Here’s a write-up of an afternoon tea I did 18 months ago – I am only now trying to catch up on a backlog of afternoon teas which I’ve yet to post about. My blogging hiatus has been for a number of reasons but mostly it comes down to lack of time. Other priorities have take over which eat into blogging time – mostly work and swim training. Over the last couple of years I really ramped up my swim mileage training for marathon swims and channel swims etc. This meant most of my time when not at work was spent swimming. Any free time was taken up with sleep, bludging (ie Netflix – which I cancelled last year), and catching up with friends etc and trying to maintain a social life. Anyway, here is my attempt to try and get back on the blogging horse.
The afternoon tea scene in Tokyo has really exploded the last couple of years. So many places now offer it – hotels, restaurants and cafes. It used to be limited to just a few select hotels. But now hotels are offering seasonal teas so they are getting more varied and fancier, and with the changing menus with each season and sometimes monthly (!) – they now how to get customers to keep coming back.
So let’s rewind back to the summer of 2016 – the Strings Intercontinental hotel in Shinagawa was a hotel that I had not yet been to for afternoon tea so I jumped on the chance when they released a summer afternoon tea. Their offering was a summer kakigori (“shaved ice”) afternoon tea in a tiered round bowl vase.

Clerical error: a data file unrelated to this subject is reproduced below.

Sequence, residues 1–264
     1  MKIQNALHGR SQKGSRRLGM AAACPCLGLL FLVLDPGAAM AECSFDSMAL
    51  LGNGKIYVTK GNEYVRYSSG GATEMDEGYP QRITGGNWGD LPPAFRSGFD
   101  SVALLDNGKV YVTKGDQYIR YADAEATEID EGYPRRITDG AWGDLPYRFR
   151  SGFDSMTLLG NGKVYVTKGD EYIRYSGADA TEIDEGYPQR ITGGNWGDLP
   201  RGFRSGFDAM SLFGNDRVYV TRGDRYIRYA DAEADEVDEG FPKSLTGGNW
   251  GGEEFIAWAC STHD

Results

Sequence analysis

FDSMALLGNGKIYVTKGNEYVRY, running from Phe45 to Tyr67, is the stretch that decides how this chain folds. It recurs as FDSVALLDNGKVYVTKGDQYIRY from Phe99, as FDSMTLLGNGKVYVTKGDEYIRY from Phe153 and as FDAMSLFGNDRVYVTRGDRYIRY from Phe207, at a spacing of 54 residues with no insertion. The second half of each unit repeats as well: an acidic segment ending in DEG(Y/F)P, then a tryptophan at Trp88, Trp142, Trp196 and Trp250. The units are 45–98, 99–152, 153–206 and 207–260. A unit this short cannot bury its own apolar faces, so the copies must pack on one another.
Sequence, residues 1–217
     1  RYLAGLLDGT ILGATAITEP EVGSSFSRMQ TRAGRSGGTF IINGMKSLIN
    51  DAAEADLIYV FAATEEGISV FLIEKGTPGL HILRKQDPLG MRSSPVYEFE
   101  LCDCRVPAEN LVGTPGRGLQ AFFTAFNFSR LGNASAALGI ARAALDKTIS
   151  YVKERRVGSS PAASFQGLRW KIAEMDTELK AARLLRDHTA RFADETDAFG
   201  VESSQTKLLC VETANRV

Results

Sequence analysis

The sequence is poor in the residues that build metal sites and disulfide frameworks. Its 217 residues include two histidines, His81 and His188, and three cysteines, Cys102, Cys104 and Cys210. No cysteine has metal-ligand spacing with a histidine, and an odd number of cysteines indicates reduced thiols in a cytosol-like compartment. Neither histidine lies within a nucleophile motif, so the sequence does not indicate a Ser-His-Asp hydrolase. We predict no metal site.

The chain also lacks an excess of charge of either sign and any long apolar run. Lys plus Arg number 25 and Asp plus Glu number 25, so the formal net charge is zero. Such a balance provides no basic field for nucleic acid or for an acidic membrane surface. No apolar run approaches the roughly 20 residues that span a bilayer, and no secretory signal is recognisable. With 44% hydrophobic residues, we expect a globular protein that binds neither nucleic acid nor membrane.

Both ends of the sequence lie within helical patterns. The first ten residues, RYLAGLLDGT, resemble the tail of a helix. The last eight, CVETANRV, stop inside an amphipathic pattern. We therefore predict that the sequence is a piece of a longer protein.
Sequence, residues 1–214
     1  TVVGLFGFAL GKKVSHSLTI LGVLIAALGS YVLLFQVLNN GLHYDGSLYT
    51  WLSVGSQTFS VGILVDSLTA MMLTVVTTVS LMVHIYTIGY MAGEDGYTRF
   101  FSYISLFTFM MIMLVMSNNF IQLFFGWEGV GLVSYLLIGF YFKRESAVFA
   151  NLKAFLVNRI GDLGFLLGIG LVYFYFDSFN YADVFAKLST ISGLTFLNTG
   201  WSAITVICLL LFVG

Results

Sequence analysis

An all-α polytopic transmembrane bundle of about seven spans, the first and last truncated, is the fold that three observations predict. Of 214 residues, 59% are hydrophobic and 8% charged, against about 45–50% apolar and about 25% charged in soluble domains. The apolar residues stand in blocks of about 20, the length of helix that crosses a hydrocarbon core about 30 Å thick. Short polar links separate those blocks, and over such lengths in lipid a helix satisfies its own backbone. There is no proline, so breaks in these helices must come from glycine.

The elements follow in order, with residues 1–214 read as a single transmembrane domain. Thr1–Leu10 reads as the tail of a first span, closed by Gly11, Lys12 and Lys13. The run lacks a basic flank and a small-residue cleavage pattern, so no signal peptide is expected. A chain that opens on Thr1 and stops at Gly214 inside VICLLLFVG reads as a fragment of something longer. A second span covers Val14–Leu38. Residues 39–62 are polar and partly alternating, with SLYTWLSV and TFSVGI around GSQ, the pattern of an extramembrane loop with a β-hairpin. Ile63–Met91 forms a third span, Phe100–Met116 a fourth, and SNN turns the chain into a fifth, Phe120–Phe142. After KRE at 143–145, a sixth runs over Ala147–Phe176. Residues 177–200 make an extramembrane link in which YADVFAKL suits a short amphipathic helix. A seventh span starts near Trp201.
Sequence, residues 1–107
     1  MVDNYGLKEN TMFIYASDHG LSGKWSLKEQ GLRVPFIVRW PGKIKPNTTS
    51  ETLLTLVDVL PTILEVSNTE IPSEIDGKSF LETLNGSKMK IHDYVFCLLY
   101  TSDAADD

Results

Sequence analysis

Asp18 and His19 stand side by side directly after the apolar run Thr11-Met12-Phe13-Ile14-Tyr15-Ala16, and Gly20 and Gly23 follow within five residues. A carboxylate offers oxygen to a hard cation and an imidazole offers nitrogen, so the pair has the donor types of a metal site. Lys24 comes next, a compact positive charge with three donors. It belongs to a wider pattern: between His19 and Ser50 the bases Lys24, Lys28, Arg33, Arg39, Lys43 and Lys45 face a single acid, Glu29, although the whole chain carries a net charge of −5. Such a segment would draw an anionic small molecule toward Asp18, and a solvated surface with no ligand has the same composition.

The afternoon tea wasn’t overly special. It was light on the savoury bites and too heavy on the desserts. There were just a couple of h’ordeauvres (ie a sandwich and olives).
The rest were all sweets and only ok at that. Given the seaons, it focused on fruits and citrus flavours. The desserts tier included: a passionfruit macaroon, a passionfruit chocolate bonbon, a lime tart, and few other sweet treats.
As for the scones – a coconut one, and an acai one – both of which were new flavours of scones for me and not the standard fare. They were also very typical Japanese ones ie hard and dry. Very unlike Australian scones which are super soft, light, fluffy and buttery. No country does scones like Australia, I tell you.
I liked the servingware though. I’m always drawn to how different venues serve their afternoon tea and the presentation. This one come in an interesting tiered spherical bowl.
Each layer/tier of the bowl was unstacked and held food.
The differentiator of this afternoon tea, was the kakigori (shaved ice dessert) – a popular Japanese different in summer.
A different experience for afternoon tea – but the quality and taste factor of the food wasn’t quite there.
Nevertheless, another Tokyo venue ticked off the list:
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